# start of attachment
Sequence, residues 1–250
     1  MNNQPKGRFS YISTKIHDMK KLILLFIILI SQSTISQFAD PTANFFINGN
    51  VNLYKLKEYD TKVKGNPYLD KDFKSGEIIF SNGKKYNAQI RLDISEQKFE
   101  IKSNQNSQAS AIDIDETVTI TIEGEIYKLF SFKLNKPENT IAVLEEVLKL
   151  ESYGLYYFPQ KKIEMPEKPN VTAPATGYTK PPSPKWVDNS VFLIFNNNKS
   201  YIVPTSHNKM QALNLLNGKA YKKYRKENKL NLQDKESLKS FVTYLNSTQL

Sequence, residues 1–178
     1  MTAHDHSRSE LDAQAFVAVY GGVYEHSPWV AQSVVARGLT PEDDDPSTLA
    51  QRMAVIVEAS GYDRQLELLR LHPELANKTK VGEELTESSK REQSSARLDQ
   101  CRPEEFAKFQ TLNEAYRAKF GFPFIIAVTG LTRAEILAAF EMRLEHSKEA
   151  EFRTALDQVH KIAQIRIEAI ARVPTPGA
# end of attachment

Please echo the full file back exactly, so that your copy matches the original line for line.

Sequence, residues 1–250
     1  MNNQPKGRFS YISTKIHDMK KLILLFIILI SQSTISQFAD PTANFFINGN
    51  VNLYKLKEYD TKVKGNPYLD KDFKSGEIIF SNGKKYNAQI RLDISEQKFE
   101  IKSNQNSQAS AIDIDETVTI TIEGEIYKLF SFKLNKPENT IAVLEEVLKL
   151  ESYGLYYFPQ KKIEMPEKPN VTAPATGYTK PPSPKWVDNS VFLIFNNNKS
   201  YIVPTSHNKM QALNLLNGKA YKKYRKENKL NLQDKESLKS FVTYLNSTQL

Sequence, residues 1–178
     1  MTAHDHSRSE LDAQAFVAVY GGVYEHSPWV AQSVVARGLT PEDDDPSTLA
    51  QRMAVIVEAS GYDRQLELLR LHPELANKTK VGEELTESSK REQSSARLDQ
   101  CRPEEFAKFQ TLNEAYRAKF GFPFIIAVTG LTRAEILAAF EMRLEHSKEA
   151  EFRTALDQVH KIAQIRIEAI ARVPTPGA